When I started The Corrections, Jonathan Franzen’s National Book Award winning novel, I was determined that I shouldn’t and wouldn’t like it better than Freedom Reading Freedom was like reading my own complex and scattered thoughts but put into a nice and coherent writing. I stopped numerous times, writing down quotes and thinking about them. I had to throw the book (OK, my Kindle) in the other side of the room to escape the sensation that I relate way too well to Freedom‘s characters. That their ill-fated Freedom was in some sort my ill-fated Freedom.
The Corrections occupied an entire afternoon of I-have-to-do-so-many-things-for-school-but-I-can’t-put-this-book-down. On the surface, it is the usual story of an average dysfunctional American family. Enid and Alfred, after nearly fifty years of a content (I wouldn’t say happy marriage), are on the verge of a crisis that age inevitably brings. Alfred is slowly losing his mind to Parkinson’s and Enid is gathering her whole strength to care for a husband, who hasn’t spent a waking minute caring for her. She sets on a mission to bring her three children for a last Christmas at home, hoping against all odds that such a gathering of generations would prove that everything is still normal, that all are in firm possession not only of their lives, but of their minds.
Each of the Lambert’s children is fucked up in its own peculiar way. Gary, the oldest, seems to have it all figured out – a good job, a loving wife, a stable income, and three boys. And yet, he succumbs into a mid-life crisis, a depression, which doesn’t seem to have any evident roots:
…a “sense” that he survived from day to day by distracting himself from underground truths that day by day grew more compelling and decisive. The truth that he was going to die. That heaping your tomb with treasure wouldn’t save you.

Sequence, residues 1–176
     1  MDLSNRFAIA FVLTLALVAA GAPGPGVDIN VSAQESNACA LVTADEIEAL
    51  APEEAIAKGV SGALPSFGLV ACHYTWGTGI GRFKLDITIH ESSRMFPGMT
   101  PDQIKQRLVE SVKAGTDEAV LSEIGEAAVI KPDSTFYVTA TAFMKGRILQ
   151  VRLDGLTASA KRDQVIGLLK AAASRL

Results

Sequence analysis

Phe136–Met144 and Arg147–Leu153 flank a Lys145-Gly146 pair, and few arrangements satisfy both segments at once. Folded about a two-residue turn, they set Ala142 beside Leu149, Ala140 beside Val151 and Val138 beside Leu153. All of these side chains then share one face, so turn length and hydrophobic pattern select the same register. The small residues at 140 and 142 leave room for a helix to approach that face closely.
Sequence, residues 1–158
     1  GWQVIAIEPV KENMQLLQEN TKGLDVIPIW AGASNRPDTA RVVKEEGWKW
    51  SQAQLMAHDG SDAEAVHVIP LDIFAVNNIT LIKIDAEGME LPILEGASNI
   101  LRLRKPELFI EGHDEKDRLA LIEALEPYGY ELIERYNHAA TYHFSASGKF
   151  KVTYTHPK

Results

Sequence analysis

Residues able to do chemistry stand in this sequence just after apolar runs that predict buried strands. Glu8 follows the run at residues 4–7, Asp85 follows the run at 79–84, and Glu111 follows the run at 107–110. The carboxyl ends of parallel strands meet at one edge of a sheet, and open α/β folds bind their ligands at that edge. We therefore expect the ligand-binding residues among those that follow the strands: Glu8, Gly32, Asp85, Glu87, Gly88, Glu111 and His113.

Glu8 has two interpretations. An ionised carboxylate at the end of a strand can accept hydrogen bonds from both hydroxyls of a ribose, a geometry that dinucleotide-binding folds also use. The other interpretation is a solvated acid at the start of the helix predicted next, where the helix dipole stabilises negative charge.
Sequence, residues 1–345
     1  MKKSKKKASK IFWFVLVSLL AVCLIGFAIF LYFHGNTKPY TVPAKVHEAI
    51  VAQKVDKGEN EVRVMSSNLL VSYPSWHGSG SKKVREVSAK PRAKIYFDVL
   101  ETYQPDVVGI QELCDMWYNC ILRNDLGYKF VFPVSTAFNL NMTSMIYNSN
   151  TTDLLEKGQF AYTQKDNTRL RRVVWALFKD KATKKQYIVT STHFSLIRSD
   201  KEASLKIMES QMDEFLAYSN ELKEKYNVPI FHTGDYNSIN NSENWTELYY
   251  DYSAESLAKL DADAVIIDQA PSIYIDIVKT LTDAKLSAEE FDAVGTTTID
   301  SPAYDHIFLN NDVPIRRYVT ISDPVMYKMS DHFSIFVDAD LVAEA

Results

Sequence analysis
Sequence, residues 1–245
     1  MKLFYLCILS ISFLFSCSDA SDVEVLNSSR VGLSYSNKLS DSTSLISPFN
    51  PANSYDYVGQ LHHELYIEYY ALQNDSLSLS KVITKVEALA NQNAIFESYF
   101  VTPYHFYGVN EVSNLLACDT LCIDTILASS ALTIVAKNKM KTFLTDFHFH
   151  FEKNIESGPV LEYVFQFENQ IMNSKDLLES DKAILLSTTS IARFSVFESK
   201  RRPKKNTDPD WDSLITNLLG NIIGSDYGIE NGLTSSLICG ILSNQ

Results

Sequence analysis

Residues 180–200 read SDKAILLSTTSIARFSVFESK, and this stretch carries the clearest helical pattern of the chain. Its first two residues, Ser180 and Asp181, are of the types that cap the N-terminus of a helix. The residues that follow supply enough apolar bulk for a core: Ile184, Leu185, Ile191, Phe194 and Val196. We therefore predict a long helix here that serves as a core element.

Chip, the middle son and always the dad’s favourite, goes from an extreme to an extreme after an unfortunate scandal that leaves him jobless. He decides to pursue a business opportunity in Eastern Europe (which really testifies for his state of mind, as no sane individual would actually go to Eastern Europe for a business opportunity), only to find himself yet again broke, lost, and alone:
He’d lost track of what he wanted, and since who a person was was what a person wanted, you could say that he’d lost track of himself.
Finally, there is the only girl, Denise, who seems to have escaped the eminent failure by recovering from her divorce and becoming a successful chef. And yet, her confused sexuality brings along scandals, from which she finds home as the only shelter.
But before we reach the Christmas Enid has been waiting for for a year, Jonathan Franzen takes us through the life of the Lamberts. Jumping easily from past to present and demonstrating admirable knowledge of distant subjects such as financial markets, railroads and corruption in Eastern Europe, the author portrays a typical family in which we don’t want to recognize ourselves but we simply have to. Each of the children attempts to build its life as a correction of their parents’ lives, to distinguish and separate himself/herself from home, from the mother obsessed with social status and with her children, from the strict father, whose power is now reduced to pieces, and to prove that, no, there are some people who do not turn into their parents. And yet, Gary, Chip and Denise fall into a tragedy of their own, into a whirlpool of wrong decisions, that inevitably leads to a point in life where you either learn how to swim or you drown.